Now let’s turn our attention from quantitative data, to review some qualitative information that will shed further light on the people of The Netherlands and how they may become future VolunTourists.
Rene’ H.P.F. Bekkers, PhD, is an assistant professor at Utrecht University in The Netherlands. In 2005, he received the Gabriel Rudney Award for the best dissertation from the Association for Research on Nonprofit Organizations and Voluntary Action (ARNOVA) headquartered in Indianapolis, Indiana. His 2004 dissertation was entitled: Giving & Volunteering in the Netherlands: Psychological and Sociological Perspectives. He focuses the bulk of his research to answer a very simple question: "When and why do people contribute to the welfare of others?"
His dissertation delivers a wealth of information about the motivators for giving and how these apply, in this particular case, to The Netherlands. Suffice it to say he provides substantial evidence for a sociological tradition of volunteering in The Netherlands that could very easily be translated into volunteering outside of the boundaries of the country itself.
But what I found to be most helpful in fully understanding the potential crossover between volunteering and travel was this short opening paragraph from a section of his dissertation entitled "The Role of Education":
The results of this dissertation also have broader implications for policy makers. The repeated observation that the level of education is positively related to pro-social behavior suggests that an investment in a higher level of education of the population will produce a stronger civil society. Higher educated people are more likely to give blood, to donate their organs after death, they are more often members of voluntary associations, volunteer more often, and give more money to charitable causes.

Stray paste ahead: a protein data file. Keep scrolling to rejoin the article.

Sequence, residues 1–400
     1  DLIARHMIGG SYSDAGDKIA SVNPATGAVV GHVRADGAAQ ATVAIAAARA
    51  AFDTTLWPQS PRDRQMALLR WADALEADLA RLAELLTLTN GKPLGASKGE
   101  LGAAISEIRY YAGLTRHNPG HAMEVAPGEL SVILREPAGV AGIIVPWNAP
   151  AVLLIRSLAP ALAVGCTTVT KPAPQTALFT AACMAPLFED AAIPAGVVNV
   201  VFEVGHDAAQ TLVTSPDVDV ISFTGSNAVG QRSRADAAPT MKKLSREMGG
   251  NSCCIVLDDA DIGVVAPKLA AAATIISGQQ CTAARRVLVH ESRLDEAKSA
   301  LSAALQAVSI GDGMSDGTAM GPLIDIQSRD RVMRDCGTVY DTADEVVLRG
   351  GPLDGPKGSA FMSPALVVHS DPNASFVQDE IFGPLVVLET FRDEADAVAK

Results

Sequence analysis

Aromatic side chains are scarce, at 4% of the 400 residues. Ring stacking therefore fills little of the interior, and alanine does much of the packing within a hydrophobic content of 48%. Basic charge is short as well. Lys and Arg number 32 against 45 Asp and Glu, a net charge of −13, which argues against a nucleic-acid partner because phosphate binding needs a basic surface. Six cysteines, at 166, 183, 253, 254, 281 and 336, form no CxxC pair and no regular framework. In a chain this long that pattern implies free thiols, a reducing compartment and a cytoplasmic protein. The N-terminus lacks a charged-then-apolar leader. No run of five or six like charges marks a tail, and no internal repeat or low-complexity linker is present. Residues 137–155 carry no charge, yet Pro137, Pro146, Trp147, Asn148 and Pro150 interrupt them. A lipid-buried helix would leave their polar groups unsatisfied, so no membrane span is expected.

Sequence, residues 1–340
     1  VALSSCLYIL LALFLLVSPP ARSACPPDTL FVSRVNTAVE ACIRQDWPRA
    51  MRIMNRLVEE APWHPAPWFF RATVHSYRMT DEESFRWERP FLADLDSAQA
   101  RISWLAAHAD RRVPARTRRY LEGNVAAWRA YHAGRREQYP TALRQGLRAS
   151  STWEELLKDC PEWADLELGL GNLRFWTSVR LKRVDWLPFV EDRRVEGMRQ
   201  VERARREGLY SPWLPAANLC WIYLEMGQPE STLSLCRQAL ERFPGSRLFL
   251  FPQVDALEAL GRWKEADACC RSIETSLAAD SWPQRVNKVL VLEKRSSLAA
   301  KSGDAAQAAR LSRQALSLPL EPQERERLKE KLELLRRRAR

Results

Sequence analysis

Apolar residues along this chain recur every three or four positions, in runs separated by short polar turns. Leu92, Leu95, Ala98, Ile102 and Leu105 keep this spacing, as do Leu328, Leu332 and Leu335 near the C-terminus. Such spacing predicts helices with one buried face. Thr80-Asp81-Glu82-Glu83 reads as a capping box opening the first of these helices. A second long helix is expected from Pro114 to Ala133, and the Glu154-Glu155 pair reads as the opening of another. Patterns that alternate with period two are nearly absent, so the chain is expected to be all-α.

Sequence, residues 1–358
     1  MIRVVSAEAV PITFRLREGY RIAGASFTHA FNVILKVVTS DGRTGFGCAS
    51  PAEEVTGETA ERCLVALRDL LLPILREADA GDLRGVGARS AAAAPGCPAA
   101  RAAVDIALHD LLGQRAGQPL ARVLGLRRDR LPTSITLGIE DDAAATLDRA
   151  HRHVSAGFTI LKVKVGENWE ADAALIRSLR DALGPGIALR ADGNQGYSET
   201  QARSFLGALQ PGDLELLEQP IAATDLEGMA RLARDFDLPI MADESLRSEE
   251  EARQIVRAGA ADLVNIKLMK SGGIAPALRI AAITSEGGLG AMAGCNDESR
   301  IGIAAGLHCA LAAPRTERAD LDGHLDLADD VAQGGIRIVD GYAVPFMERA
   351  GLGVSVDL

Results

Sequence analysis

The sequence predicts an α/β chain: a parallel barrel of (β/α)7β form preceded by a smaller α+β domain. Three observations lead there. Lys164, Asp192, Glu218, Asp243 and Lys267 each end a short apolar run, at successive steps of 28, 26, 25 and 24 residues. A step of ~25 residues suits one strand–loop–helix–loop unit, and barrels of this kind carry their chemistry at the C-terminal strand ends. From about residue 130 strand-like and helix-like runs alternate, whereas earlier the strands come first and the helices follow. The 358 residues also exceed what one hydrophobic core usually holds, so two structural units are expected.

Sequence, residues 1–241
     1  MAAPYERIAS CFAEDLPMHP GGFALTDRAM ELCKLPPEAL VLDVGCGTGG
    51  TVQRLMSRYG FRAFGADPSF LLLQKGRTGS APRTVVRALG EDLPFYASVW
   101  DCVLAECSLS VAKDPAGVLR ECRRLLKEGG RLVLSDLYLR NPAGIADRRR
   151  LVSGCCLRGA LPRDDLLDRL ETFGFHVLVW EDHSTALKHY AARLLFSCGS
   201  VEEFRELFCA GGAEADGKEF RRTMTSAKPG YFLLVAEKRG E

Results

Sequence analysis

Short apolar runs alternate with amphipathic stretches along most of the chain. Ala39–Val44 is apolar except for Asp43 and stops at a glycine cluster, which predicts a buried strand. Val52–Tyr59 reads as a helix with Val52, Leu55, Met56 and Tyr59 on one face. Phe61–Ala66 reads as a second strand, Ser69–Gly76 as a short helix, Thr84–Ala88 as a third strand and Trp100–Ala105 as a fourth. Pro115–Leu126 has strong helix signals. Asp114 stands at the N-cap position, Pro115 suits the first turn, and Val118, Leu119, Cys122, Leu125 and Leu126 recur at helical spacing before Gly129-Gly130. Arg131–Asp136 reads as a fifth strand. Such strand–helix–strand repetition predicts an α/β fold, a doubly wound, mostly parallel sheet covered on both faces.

Many from the travel industry already know about the direct correlation between education level and travel, especially international travel. Here we have a common link between volunteering and education as well. If we extrapolate, using the transitive property of algebra (If A = B and B = C, then A=C), we can infer that volunteering and travel have a direct relationship.
In addition, the Netherlands is one of eight countries, excluding the US, that hosts an affiliate of the Hands On Network. Michelle Nunn started this organization in 1989 as Hands On Atlanta and it has grown to include more than 50 affiliates in nine countries. Although the majority of locations are US-based, it is important to note that Amsterdam is one of only eight affiliates outside of the US.
And finally, there is this letter that I recently received from Bart Wijlaars. (Please keep in mind that English is not Bart’s first language and that the text that appears here is unedited. Draw your own conclusions about the voluntary service spirit of The Netherlands.):
I am a Dutch reporter and I just came back from a trip to the Mississippi Gulf Coast. I'm afraid I don't know your organisation well, though it showed up when I started searching the web for information about a certain subject and I just hope you can help me anyway.
The subject I'm referring to is voluntourism. A term I became familiair with when I was helping out demolding a house of some Hurricane Katrina victims in the area of Biloxi. These people told me voluntourism is the combination of both holiday as volunteerwork in the same trip. To use the Gulf Coast example: go help out for a few days, take a good rest in the casino's of Biloxi for a few days and that's your holiday.
My first question: are we talking about the same form of voluntourism?